Whether remembered as a general, a consul, or an emperor, Napoléon is the most famous Frenchman in the world. On one hand, he is adulated because of his military genius at battles such as Arcola, Rivoli, and Austerlitz (often, his victories were obtained against more numerous enemies) and also because of his political spirit and vision. On the other hand, Napoléon is hated for his authoritarian regime, his incessant military campaigns, which brought about the death of more than a million civilians, and his defeats in Spain, Russia and at Waterloo.
However, one thing is undeniable: Napoléon was a great builder, and this is especially true in Paris. He transformed the city into the “capital of the world,” constructing opulent buildings and modernizing its infrastructure. Even if some of his most monumental works were never completed because of his ultimate defeat at Waterloo, his indelible mark remains very present in the French capital.
When Napoléon came to power in the late 18th century, Paris was a poverty-stricken city. Unlike London, its streets had no sidewalks, and garbage simply accumulated on the ground. Freshly appointed in 1802 as “First Consul for Life,” Napoléon wanted to transform Paris into a real capital. He ordered the construction of 10 km of sewers, sidewalks, bridges, and breakthrough arteries. To stimulate economic activity, he built wharves and warehouses along the riverfront.
Parallel to the construction of infrastructure, Napoléon, as a great lover of antiquity and classicism, wanted Paris to look like a modern Rome. He renovated the Tuileries Palace (demolished in 1883), built the triumphal arch at what is now place du Carrousel, and ordered the construction of the Arc de Triomphe at the top of the avenue des Champs-Elysées. Then, having created new state financial institutions, he built sumptuous buildings to house them: examples include the Orsay Palace (destroyed in 1872) for the state finance auditing agency (called Cour des Comptes) and the Palais Brongniart (still standing) for the stock exchange.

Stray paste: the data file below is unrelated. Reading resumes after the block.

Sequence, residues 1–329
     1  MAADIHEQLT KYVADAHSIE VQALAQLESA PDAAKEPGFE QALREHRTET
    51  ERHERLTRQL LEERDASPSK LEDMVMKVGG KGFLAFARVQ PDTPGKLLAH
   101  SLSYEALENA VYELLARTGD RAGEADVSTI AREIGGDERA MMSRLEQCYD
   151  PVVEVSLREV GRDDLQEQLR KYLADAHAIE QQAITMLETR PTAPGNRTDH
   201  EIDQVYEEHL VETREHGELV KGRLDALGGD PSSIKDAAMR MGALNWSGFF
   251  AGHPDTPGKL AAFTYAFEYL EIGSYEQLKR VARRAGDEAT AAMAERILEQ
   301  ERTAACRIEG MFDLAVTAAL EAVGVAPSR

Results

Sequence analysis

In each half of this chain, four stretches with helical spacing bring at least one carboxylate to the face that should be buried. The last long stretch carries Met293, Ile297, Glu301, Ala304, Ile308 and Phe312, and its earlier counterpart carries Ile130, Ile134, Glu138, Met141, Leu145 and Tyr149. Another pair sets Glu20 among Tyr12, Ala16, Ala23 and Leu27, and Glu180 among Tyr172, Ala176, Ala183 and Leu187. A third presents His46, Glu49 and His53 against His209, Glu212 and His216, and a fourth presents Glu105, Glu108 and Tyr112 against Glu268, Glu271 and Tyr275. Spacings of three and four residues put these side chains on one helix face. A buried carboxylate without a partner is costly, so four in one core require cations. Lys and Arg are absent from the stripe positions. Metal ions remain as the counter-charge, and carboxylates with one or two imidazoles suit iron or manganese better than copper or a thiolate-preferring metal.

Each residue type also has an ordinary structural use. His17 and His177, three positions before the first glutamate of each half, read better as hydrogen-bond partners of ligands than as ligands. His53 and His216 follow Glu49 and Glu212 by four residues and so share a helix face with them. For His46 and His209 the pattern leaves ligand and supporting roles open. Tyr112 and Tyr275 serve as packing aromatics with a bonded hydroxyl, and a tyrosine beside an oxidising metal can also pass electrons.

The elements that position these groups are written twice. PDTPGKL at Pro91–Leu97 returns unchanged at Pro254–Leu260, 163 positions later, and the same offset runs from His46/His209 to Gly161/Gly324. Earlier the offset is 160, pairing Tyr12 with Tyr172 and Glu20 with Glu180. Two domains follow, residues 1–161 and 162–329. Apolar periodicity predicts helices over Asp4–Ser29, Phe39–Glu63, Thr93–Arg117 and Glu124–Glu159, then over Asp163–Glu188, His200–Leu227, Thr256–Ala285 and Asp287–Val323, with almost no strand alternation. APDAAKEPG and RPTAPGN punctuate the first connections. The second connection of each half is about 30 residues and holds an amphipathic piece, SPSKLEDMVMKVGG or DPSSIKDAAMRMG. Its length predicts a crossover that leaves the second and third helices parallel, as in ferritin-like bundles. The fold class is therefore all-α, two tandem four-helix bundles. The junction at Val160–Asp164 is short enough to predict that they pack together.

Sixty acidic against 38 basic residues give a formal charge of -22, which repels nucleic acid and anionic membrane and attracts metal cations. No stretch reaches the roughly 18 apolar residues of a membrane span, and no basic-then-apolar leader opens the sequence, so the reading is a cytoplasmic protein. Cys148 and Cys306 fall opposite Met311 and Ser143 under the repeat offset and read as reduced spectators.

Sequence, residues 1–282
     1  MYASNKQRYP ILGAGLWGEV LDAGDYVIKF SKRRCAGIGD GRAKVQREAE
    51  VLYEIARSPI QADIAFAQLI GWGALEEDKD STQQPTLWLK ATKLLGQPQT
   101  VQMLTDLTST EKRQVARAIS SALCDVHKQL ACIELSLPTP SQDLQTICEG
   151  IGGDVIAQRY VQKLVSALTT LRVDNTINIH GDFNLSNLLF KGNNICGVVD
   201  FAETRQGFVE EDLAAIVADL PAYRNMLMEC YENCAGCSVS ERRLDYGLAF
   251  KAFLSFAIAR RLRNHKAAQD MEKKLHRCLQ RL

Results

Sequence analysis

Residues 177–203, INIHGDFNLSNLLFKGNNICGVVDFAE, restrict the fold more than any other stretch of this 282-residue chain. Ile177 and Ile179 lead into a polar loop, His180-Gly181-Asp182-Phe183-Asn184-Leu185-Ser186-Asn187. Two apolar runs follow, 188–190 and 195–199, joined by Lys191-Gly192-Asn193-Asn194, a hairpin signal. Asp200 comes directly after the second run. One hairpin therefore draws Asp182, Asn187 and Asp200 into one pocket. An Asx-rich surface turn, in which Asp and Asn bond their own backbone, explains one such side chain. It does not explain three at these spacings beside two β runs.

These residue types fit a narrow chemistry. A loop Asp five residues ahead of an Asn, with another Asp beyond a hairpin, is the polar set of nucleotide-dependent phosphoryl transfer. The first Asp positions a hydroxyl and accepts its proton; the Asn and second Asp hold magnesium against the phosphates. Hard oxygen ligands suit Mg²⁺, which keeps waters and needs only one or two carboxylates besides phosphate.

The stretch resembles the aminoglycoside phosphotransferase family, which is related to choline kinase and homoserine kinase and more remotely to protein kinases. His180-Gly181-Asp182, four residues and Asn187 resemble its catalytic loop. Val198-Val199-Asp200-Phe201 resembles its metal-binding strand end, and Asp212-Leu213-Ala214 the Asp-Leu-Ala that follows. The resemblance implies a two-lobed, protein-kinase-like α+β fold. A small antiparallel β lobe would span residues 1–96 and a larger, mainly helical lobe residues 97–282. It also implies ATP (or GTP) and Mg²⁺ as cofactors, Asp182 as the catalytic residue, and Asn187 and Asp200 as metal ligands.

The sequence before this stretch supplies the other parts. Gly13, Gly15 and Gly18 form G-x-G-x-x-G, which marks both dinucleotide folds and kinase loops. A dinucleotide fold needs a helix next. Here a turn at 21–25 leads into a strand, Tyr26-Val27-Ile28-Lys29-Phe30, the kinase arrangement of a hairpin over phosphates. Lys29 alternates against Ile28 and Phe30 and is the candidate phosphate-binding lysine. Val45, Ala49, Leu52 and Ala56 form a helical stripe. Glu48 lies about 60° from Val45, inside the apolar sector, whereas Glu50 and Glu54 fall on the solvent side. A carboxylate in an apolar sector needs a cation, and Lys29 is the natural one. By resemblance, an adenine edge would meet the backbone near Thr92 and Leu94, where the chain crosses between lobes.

Unfortunately, by 1809, Napoleon’s wars prevented him from completing all of his urban development projects. Military campaigns were expensive, and the state treasury could no longer finance the works. Many building projects that he initiated would only be completed after the end of his reign.
After Napoléon’s death, France erected a number of monuments in Paris to honor him. His tomb at Invalides is among the most impressive.
Walking in the Emperor’s footsteps in Paris is an original way to discover and explore some of the most famous monuments in the French capital. It is also a good way to learn about the life and the social and architectural heritage of a man who, most of the time, is only presented in military context.
For more information about the legacy of this great man, contact Napoleon Tours, a company that specializes in guided public and private tours about the Emperor, at the following link: www.napoleon-tours.com.